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Turkish catechism (En hommage à Voltaire)

THE FRENCHMAN: Is it true that your Sultan can marry hundreds of wives who are kept in a forbidden place known as a ‘harem’, to which, apart from the Sultan himself, only eunuchs have access, men whom our Voltaire describes as chaponnés? Is it true that their job is to keep the harem tidy, to sort out squabbles between inmates, and to make sure that whichever wife the Sultan has chosen for the night is epilated, bathed and perfumed ready for her master’s bed? Is it also true that only one wife is permitted to bear the children that will constitute the royal bloodline?

A vote of confidence in Louis XVI? Voltaire’s Lettres chinoises, indiennes et tartares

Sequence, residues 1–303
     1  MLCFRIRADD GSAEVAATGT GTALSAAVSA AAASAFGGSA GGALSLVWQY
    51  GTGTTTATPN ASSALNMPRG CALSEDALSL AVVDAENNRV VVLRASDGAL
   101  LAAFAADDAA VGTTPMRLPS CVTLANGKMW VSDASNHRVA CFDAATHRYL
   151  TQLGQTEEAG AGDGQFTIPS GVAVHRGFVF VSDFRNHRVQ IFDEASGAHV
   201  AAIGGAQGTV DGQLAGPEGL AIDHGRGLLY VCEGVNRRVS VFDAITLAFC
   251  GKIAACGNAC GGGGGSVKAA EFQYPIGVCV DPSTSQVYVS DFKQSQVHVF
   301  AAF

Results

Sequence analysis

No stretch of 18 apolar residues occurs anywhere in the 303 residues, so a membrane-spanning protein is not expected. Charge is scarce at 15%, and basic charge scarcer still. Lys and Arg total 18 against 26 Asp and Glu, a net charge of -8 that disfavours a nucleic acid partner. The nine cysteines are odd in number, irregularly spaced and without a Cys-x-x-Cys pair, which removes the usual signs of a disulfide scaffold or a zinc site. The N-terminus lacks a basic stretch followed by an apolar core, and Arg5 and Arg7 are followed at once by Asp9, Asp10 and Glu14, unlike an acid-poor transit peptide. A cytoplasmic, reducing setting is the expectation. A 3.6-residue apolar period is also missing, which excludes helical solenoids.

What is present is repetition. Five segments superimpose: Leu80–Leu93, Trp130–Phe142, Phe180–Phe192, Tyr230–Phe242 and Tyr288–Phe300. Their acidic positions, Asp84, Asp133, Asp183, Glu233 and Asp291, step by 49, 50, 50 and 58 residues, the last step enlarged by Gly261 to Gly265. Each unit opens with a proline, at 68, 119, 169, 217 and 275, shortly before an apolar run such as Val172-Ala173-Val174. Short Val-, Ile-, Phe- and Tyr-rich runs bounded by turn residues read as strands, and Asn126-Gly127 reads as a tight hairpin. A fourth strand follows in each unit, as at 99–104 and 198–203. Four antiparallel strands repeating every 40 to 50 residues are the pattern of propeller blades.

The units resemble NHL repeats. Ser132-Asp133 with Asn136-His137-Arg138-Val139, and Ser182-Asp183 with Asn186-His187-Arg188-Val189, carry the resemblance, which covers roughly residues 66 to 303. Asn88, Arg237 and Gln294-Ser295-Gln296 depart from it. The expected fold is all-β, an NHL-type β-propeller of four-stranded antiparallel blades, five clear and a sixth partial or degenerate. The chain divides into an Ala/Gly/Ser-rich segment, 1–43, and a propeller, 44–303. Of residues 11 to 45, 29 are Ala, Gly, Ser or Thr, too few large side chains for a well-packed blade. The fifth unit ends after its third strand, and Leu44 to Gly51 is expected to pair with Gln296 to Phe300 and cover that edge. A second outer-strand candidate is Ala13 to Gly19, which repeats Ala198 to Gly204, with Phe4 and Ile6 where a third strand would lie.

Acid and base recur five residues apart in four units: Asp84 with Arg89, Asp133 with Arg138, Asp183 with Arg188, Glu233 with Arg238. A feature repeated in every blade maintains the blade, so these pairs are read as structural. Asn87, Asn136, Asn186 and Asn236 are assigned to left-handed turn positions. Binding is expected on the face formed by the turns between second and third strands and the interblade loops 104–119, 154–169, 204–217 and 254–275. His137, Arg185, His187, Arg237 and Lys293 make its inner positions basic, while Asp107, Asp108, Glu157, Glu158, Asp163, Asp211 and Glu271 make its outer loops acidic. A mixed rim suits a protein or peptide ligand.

It isn’t always possible to know what prompted Voltaire to write a particular text. The Lettres chinoises, indiennes et tartares appear to be the response from one armchair traveller and great China admirer, Voltaire (or his young Benedictine alter ego), to another armchair traveller and China detractor, Cornelius de Pauw, author of Recherches philosophiques sur les Egyptiens et les Chinois (Berlin, 1773).

Shadows at the court of the Sun King

2015 marks the 300th anniversary of the death of Louis XIV, the Sun King, whose reign (1643-1715) defined the era of the 'Grand Siècle' and saw France rise to become the dominant player on the European stage. The Voltaire Foundation, in collaboration with the Château de Versailles, is preparing to publish Voltaire's seminal account of his reign, Le Siècle de Louis XIV (1751) to coincide with this anniversary.

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